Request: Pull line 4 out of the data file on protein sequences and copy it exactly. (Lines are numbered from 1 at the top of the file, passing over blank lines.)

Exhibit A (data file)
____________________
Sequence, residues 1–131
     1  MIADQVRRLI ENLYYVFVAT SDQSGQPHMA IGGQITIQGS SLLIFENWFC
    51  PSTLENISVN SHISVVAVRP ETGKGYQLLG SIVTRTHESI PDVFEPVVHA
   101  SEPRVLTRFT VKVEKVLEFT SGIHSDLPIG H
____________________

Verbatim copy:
   101  SEPRVLTRFT VKVEKVLEFT SGIHSDLPIG H